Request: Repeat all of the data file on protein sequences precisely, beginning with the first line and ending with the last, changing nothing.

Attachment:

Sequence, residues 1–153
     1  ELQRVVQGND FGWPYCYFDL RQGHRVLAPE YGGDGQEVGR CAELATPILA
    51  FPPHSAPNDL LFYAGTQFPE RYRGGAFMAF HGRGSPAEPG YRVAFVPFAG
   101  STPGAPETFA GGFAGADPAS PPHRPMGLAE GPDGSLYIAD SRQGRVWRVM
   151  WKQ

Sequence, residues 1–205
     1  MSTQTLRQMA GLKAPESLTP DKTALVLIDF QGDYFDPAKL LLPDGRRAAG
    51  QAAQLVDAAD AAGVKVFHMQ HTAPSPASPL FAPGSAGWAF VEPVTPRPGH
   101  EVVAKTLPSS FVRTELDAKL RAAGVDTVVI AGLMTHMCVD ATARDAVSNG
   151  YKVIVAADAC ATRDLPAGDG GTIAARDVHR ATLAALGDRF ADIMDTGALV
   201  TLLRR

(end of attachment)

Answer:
Sequence, residues 1–153
     1  ELQRVVQGND FGWPYCYFDL RQGHRVLAPE YGGDGQEVGR CAELATPILA
    51  FPPHSAPNDL LFYAGTQFPE RYRGGAFMAF HGRGSPAEPG YRVAFVPFAG
   101  STPGAPETFA GGFAGADPAS PPHRPMGLAE GPDGSLYIAD SRQGRVWRVM
   151  WKQ

Sequence, residues 1–205
     1  MSTQTLRQMA GLKAPESLTP DKTALVLIDF QGDYFDPAKL LLPDGRRAAG
    51  QAAQLVDAAD AAGVKVFHMQ HTAPSPASPL FAPGSAGWAF VEPVTPRPGH
   101  EVVAKTLPSS FVRTELDAKL RAAGVDTVVI AGLMTHMCVD ATARDAVSNG
   151  YKVIVAADAC ATRDLPAGDG GTIAARDVHR ATLAALGDRF ADIMDTGALV
   201  TLLRR